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Monday, January 9, 2017
Edit Edit Edit
The famously shrewd wit Mark Twain once advised writers to "Substitute 'damn' every time you're inclined to write 'very;' your editor will delete it and the writing will be just as it should be." To be fair, many students writing at the high school level may not yet have a healthy fear of adverbs. But in college essays, there is no single act as crucial as excising needless words.
At the practical level, students need to learn how to keep it simple. It's rare to find a university that accepts an undergraduate essay of longer than 650 words. Many universities require pesky supplements-often as short as 150 words. Brevity is an effective straight jacket.
Still, what I see in many student essays are hundreds of itinerant words in search of a purpose. Often, teenage writers get mired in the challenge of picking a topic. They understand the weight of import of the admission essay. So they tie themselves in knots trying to brainstorm the perfect story, where no such thing exists.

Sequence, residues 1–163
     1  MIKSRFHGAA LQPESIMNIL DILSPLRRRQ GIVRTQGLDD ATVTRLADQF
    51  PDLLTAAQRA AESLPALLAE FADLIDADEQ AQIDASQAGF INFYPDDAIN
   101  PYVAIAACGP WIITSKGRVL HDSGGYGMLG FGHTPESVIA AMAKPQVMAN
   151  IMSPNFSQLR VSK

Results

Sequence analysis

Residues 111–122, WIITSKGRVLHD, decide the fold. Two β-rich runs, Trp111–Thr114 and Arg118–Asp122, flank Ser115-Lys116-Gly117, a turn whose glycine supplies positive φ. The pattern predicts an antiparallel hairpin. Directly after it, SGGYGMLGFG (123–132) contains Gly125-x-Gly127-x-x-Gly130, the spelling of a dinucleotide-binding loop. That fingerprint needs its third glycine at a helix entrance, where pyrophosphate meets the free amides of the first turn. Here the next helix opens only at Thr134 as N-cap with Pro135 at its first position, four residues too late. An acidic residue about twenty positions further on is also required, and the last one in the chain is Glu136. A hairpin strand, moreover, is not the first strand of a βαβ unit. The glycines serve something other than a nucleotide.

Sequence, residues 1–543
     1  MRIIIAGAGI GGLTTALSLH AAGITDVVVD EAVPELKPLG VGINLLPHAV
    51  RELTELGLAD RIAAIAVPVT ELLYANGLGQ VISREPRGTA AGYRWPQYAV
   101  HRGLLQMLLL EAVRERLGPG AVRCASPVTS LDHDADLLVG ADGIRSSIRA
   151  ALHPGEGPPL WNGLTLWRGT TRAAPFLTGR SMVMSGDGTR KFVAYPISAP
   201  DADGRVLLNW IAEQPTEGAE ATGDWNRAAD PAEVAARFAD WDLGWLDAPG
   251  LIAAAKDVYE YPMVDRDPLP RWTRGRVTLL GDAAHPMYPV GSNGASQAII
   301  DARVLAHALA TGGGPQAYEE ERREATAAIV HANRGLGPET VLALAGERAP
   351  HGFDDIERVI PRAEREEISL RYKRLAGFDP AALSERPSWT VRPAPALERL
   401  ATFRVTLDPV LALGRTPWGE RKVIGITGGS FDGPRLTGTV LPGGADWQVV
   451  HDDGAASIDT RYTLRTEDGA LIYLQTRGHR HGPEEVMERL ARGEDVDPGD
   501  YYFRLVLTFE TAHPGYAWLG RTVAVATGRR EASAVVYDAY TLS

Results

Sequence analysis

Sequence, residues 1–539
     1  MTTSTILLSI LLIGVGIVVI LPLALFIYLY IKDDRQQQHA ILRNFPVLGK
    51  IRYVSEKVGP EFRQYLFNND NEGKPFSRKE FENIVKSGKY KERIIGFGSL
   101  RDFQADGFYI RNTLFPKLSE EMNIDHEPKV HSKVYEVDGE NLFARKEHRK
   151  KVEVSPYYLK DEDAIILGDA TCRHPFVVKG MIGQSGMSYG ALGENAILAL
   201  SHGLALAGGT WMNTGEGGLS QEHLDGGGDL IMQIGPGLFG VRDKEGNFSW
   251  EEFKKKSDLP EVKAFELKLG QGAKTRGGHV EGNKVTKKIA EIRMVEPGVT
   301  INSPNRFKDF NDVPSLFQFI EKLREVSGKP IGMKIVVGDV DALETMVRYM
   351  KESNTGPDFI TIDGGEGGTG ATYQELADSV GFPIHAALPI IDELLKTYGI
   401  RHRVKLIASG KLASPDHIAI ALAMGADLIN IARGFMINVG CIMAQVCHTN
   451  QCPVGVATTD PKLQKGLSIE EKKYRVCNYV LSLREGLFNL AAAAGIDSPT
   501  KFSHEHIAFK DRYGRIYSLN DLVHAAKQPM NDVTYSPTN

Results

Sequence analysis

There are stories lurking in every corner. It may be about that patchwork quilt on your bed that your grandmother stitched for you. It could be that time you got your remote-control drone caught in your neighbor's tree. What it shouldn't be is 500 meandering words bookended by lots of "verys".
Twain's admonition to strip words had to do with the very character of the narrative. For college hopefuls, shedding needless adjectives will help force them to get to the heart of the story. It will necessarily suffocate platitudes, forcing the writer to say something of true import.
And if none of this made any sense-my take-away is simple. Edit, edit, edit. Sleep on it. Pass your essay around to friends, family, teachers; I promise they will see things that you cannot. But remember not to lose your voice. It isn't necessarily what you write about, but how passionately you write about it. "Very" is not a passionate word. Get rid of it, and move on.
Labels: Edit Edit Edit
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